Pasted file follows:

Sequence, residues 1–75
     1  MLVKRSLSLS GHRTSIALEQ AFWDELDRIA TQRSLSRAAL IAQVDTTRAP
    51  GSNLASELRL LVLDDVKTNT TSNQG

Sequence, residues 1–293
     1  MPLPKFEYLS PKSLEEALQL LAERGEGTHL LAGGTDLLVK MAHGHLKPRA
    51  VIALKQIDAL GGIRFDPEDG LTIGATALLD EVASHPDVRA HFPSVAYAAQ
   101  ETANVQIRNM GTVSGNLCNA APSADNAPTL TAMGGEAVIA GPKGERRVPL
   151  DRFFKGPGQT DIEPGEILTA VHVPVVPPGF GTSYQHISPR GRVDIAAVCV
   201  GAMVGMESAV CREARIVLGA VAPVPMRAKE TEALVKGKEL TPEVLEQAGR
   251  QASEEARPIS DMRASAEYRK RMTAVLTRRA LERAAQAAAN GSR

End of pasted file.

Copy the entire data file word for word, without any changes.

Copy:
Sequence, residues 1–75
     1  MLVKRSLSLS GHRTSIALEQ AFWDELDRIA TQRSLSRAAL IAQVDTTRAP
    51  GSNLASELRL LVLDDVKTNT TSNQG

Sequence, residues 1–293
     1  MPLPKFEYLS PKSLEEALQL LAERGEGTHL LAGGTDLLVK MAHGHLKPRA
    51  VIALKQIDAL GGIRFDPEDG LTIGATALLD EVASHPDVRA HFPSVAYAAQ
   101  ETANVQIRNM GTVSGNLCNA APSADNAPTL TAMGGEAVIA GPKGERRVPL
   151  DRFFKGPGQT DIEPGEILTA VHVPVVPPGF GTSYQHISPR GRVDIAAVCV
   201  GAMVGMESAV CREARIVLGA VAPVPMRAKE TEALVKGKEL TPEVLEQAGR
   251  QASEEARPIS DMRASAEYRK RMTAVLTRRA LERAAQAAAN GSR